An international job can mean working in a country abroad, working for an international company in the United States or working in a job that requires global travel. If you're considering an international career, you should ask yourself some questions first:
Why are you interested in an international career?
Consider your answer to this question carefully. Not only will it help guide your job search, it will also prepare you for the interview process. Ask yourself:
- What is my purpose for wanting to go abroad? (travel, new experience, build a career)
- What do I rate as most important? (job, location, pay)
- Why am I drawn to an international career? (emphasize the positives)
- What do I hope to achieve?
What skills do you have?
Communicate your value to prospective employers by emphasizing the skills you bring to the table. Hiring an employee from a foreign country can be a considerable risk for any organization, so it's important to demonstrate your value and commitment. Some helpful skills and personality traits may include:
- Technical skills in engineering or computer science
- Experience working in cross-cultural environments
- Fluency in multiple languages
- An adventurous spirit
- Interest in learning new things
- Demonstrated initiative and drive
- Flexibility, adaptability, and tenacity
The University Career Center offers 2 courses related to exploring careers working abroad. LA&S 480: Preparing for International Careers is part of the study abroad program, and enrolled students can travel to Costa Rica or London. LA&S 485: Global Career Management focuses on cross-cultural communication and the global economy.
Explore Resources and Tips
- My World Abroad - features blogs, quizzes, and more about working internationally
- GoinGlobal - accessed through HireJayhawks.com; resource for researching cities and countries around the world, including application guidelines
- Eurograduate, The European Graduate Career Guide - working internationally from the European perspective
- Transitions Abroad - extensive collection of information, articles, resources and links to job listing boards from around the world
- AIESEC - student run organization encouraging and enabling international experiences for students
- UCC Index of international job listings sites
- KU Office of Study Abroad Internship Programs - offers summer internship programs in London, Dublin, Madrid, and Sydney
- Adzuna - search engine for job and internship postings in the United Kingdom
- BUNAC - organization that arranges visas for internships and short term work experiences in United Kingdom, Australia, Ireland and New Zealand
- Go Abroad - resource with internship, teaching, volunteer, and job opportunities abroad
- InterExchange Foundation - organization that offers grants to individuals participating in their programs and individuals organizing their own experiences abroad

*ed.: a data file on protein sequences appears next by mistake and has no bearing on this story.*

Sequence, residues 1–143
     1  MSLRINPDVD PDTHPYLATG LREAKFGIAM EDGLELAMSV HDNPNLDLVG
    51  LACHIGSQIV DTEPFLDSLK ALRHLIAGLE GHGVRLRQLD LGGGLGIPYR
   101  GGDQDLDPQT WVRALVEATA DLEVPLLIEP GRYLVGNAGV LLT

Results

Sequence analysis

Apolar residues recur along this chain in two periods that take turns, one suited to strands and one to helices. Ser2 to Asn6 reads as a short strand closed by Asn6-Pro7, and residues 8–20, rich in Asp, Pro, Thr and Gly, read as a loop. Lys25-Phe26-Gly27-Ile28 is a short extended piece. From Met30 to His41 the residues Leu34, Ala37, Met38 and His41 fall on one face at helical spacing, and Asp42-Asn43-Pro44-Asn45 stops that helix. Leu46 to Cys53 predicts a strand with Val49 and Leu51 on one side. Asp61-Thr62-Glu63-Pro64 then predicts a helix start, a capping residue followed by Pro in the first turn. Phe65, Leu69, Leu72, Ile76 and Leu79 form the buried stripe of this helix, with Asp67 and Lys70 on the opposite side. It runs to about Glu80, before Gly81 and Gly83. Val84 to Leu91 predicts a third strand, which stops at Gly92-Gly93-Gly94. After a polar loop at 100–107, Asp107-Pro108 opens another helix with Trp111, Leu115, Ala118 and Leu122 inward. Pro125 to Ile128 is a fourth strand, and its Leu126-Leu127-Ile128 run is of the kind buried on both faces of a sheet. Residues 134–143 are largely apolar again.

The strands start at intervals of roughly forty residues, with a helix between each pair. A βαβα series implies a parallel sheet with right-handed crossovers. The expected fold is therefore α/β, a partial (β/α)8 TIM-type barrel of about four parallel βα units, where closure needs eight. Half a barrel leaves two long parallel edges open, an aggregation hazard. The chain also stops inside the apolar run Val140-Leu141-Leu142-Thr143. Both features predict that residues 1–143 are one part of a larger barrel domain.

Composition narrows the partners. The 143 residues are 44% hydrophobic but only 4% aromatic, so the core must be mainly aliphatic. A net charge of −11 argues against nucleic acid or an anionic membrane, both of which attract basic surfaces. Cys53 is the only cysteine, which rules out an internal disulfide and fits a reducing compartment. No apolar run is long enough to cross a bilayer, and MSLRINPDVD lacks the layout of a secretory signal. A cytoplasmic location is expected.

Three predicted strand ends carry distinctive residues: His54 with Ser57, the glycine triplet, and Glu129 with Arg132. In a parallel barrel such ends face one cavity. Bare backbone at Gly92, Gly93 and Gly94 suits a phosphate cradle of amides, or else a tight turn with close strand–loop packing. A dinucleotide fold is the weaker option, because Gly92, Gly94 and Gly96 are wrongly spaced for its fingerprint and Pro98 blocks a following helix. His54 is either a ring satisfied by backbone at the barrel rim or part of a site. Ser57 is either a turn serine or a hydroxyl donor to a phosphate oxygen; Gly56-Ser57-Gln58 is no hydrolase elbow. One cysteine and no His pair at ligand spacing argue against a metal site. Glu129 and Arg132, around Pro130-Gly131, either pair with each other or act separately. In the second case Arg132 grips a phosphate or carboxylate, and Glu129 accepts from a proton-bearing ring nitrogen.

- WorldUnite - offers volunteer, internship, and holiday work abroad programs
- Volunteering Solutions - offers internship and volunteer experiences abroad
- Ask friends and family - If you have friends or family in that country, as them for organizations with quality reputations.
- Use Idealist - Idealist.org's International Volunteerism Resource Center can help find nonprofit or NGO internships abroad; AIESEC is also a great organization offered at KU for finding opportunities.
- The KU Office of Study Abroad offers internship programs in a variety of locations including Dublin, Ireland; London, England; Madrid, Spain; Shanghai, China; and Sydney, Australia, and more.
- Do you qualify?--Make sure you have or can get the proper visa/work permit to do an internship abroad; Going Global is a resource that can assist you with this.
- Prepare - Allow 6 to 12 months for the internship search, hiring process, and paperwork involved in working abroad.
- Find out your credit options - Ask the University Career Center and your academic department how you can receive KU credit for your internship in case it is required by the organization.
- Quick response - If the organization doesn't respond within 2 days of contact, they will probably give you a headache down the road.
- Ask other students - Try to track down other students who have interned with the organization and make sure they had a positive experience.
- Break down the cost - If the organization charges a fee, ask where that money goes and make sure it sounds reasonable.
- Compare comparable companies - If this organization charges far more or far less than other comparable programs, that should present a red flag.
- Orientation - Ask how long the program's orientation lasts, and think about whether you consider that ample to feel comfortable in your new country.
- Support - Ask what protocol the organization has in place should something go wrong, for example, your housing becomes unsafe or you need medical attention.
- Ask United Way - Ask that country's United Way about the organization to gain a sense of the organization's reputation.
- Do your research - Search the company's name to find articles, blogs, etc. related to the organization or other people's experiences.
Take a Career Course
480 (formerly LA&S 492): Preparing for International Careers